Tharassas Colony was settled by a homogeneous religious group fond of conformity, and not so fond of anything that smacks of otherness. Unfortunately for Jas, she is absolutely an other on her world. Her skin is darker, her hair is darker, and she has an intuitive connection with the alien flora of her planet, the mysterious hencha plants that serve as the staple of her world’s economy. It’s almost as if she can hear them speak, sometimes — a secret she keeps to herself.
Sera is a runner, flying a ship from Earth laden with goods for the distant colony planet, including spices, fabrics, medicines, and information. The news she carries, though, isn’t happy. Earth is … gone, or as well as gone, and she is the last ship Tharassas — or any other colony — is likely to see for some time. When disaster strikes her ship, Sera has no choice but to crash land and hope for the best.
Unfortunately, Tharassas is not only xenophobic and neophobic, it’s also likes setting things on fire it doesn’t like, and the ruling body of Tharassas doesn’t want to their people to hear what Sera has to say.
Jas is a dreamer in a world of obedient workers. She’s young, wistful, and full of romance — not in the sexual sense, though there is a bit of that, but in the desire and feeling of mystery and adventure, of seeing something beyond the every day reality into the tomorrows to come. More than eager for a chance to see the rest of the world and the worlds beyond, when her mother’s illness gets worse, she’s quick to find a way to get them both to the capital city in search of medicine.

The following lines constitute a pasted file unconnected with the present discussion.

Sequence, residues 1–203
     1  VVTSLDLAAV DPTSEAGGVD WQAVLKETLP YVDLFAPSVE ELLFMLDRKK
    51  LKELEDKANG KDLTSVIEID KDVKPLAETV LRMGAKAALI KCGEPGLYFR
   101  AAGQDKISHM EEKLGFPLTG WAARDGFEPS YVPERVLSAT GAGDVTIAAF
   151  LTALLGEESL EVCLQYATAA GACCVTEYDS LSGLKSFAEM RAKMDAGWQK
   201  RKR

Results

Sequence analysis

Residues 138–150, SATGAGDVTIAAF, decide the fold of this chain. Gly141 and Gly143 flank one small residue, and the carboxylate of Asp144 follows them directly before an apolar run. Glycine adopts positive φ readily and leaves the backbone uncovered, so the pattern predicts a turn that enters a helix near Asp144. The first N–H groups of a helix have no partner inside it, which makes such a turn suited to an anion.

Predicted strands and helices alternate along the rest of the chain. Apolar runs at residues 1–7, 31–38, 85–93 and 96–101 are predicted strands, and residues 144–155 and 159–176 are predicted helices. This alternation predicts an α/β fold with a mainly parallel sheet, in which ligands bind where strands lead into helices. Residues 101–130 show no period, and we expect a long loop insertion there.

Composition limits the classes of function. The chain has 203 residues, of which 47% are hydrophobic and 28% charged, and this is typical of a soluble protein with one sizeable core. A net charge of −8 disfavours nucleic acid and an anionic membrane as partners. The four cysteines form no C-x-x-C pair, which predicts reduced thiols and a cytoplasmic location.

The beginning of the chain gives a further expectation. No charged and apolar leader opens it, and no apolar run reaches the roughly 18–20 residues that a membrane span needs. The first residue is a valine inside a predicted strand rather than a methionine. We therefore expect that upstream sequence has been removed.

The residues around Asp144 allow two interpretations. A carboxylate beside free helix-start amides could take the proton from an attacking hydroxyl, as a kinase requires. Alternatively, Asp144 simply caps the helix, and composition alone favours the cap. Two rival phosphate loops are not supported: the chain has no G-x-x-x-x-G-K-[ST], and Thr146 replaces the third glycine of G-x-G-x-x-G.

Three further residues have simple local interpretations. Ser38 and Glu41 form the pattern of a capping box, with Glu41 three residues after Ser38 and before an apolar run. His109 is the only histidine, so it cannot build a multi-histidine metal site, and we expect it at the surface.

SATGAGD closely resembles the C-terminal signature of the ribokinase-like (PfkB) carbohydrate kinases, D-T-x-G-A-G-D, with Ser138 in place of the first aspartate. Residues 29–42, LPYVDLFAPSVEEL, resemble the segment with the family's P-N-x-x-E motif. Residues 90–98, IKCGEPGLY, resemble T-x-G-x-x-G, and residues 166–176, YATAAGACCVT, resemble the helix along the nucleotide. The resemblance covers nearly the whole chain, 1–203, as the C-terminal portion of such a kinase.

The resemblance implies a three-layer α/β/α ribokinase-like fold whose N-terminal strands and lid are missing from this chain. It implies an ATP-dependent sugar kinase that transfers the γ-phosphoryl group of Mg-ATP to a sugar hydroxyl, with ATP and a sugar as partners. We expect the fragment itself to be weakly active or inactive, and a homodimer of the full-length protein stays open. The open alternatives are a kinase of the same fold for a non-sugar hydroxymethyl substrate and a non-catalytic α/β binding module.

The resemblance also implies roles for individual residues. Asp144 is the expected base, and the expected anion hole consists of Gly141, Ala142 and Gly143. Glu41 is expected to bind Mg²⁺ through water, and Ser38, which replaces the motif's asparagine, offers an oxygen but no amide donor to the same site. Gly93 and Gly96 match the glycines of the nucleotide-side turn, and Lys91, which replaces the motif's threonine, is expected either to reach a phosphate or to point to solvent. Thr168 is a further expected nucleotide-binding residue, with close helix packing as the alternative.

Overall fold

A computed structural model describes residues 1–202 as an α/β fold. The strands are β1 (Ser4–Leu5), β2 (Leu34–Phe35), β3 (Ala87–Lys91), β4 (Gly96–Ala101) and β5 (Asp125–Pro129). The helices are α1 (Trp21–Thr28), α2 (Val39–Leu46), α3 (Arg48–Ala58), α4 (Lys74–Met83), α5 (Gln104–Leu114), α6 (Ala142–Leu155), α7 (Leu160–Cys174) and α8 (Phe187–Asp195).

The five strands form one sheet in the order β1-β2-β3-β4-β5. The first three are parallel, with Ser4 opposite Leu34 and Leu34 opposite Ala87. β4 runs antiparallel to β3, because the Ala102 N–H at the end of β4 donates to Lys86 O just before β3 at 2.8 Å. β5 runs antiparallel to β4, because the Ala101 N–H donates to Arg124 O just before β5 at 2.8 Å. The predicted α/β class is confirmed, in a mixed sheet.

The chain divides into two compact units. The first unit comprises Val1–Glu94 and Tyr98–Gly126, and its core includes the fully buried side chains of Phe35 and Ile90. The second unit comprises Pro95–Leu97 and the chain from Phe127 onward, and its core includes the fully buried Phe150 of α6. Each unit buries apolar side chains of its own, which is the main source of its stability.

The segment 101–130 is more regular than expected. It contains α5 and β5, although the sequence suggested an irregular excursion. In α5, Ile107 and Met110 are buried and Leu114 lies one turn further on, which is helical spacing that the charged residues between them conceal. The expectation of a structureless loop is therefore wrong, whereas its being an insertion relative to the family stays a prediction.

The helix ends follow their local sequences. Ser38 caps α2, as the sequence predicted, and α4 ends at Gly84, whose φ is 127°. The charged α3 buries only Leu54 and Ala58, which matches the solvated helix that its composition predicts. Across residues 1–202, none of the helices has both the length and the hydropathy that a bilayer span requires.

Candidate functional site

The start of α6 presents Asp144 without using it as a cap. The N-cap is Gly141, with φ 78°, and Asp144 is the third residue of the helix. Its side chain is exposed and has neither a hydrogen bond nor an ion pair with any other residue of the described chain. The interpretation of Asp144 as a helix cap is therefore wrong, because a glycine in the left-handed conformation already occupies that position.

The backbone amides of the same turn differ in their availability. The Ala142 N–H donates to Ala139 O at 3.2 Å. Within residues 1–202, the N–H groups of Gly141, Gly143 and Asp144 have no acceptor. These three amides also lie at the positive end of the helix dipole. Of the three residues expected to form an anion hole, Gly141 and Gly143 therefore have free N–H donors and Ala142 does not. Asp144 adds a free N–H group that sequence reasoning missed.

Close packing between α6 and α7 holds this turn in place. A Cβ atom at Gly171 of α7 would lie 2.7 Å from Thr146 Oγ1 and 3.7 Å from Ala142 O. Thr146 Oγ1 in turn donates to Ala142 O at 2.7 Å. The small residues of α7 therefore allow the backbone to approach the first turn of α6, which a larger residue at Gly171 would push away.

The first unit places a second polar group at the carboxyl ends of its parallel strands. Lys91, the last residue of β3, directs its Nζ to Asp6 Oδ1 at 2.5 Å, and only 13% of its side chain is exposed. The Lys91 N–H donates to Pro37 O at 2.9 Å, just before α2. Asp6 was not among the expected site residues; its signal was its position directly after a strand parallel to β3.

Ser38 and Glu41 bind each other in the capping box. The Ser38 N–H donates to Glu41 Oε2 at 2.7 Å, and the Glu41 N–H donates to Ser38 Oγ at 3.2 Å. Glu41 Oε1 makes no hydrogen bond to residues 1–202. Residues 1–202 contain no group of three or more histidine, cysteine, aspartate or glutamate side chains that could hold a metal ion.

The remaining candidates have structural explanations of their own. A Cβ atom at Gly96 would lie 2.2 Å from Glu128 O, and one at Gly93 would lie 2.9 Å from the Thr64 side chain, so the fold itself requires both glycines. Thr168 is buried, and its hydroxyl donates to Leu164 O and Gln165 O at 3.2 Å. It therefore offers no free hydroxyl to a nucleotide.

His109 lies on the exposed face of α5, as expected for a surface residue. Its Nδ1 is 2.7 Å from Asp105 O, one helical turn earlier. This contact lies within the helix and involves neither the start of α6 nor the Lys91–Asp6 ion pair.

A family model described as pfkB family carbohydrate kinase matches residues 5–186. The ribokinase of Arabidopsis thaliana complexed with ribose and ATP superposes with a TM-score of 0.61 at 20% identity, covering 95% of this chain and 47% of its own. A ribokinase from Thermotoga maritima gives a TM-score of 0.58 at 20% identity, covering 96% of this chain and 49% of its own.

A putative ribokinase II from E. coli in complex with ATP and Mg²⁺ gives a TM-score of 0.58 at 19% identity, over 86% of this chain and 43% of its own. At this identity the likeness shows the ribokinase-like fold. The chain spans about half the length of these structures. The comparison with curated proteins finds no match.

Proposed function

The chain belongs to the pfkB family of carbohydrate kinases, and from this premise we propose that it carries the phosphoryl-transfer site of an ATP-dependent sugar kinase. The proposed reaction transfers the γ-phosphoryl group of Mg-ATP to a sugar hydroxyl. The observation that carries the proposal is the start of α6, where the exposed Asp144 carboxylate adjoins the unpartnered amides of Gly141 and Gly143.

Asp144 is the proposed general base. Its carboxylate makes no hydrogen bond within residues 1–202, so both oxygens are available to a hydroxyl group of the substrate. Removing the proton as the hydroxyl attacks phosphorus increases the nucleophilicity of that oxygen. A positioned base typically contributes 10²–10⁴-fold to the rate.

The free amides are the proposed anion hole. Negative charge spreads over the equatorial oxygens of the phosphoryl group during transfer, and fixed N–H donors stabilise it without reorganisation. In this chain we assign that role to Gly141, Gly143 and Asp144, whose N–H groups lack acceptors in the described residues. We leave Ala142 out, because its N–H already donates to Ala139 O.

Sera is a pragmatist who has had to put aside her horror upon discovering that her beloved wife died in the cryosleep between Earth and the far-flung colony because her ship is on a collision course with a city, risking the deaths of countless people. She’s able to put her grief aside for the moment, but that doesn’t mean it’s not there, that the pain of Tavi’s loss doesn’t threaten to swallow her whole. It’s just that now is not the time. Surviving the landing is only the first part, as she’s soon threatened with a painful and horrific death — amusingly enough, a death similar to the one she spared the Tharassans.
Jas, when she sees the stranger in danger, is quick to come to her defense. Not just because Sera is one of the ‘angels’ her mother calls the Runners, but because she’s a person, and she’s not unaware of the fact that Sera saved the city.
This story reminds me very much of my dad’s classic science fiction I read when I was a kid, stories where wonder triumphed over scientific accuracy, and the characters were just as important as the concepts. The small-minded Tharassan culture isn’t a heavy handed “conformity is evil” so much as “these particular people use their power for evil.” It’s a subtlety I always enjoy. I very much hope there are more books taking place in this world, if not on this planet, because I enjoyed reading this story and look forward to more from this author.